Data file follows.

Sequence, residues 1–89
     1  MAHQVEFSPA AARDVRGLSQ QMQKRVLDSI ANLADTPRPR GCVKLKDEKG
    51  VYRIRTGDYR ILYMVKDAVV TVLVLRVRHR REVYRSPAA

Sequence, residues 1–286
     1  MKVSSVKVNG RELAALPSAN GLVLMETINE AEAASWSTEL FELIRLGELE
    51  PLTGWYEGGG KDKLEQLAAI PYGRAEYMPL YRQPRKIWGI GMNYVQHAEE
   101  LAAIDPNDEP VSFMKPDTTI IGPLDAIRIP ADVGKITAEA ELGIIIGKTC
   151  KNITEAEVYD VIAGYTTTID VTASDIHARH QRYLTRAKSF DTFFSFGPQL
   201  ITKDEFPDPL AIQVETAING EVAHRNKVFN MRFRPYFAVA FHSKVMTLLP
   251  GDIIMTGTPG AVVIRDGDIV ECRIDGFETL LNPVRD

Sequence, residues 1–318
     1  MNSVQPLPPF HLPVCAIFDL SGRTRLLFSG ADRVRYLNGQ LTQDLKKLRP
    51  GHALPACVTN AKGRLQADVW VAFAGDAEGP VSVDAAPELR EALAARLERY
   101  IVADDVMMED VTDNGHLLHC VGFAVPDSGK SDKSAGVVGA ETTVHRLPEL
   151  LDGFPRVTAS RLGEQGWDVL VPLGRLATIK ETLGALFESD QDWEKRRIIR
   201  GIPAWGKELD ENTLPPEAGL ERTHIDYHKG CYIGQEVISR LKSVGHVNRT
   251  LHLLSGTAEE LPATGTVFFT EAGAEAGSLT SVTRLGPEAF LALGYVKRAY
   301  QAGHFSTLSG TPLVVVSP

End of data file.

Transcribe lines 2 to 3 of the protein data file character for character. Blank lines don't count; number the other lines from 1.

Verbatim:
     1  MAHQVEFSPA AARDVRGLSQ QMQKRVLDSI ANLADTPRPR GCVKLKDEKG
    51  VYRIRTGDYR ILYMVKDAVV TVLVLRVRHR REVYRSPAA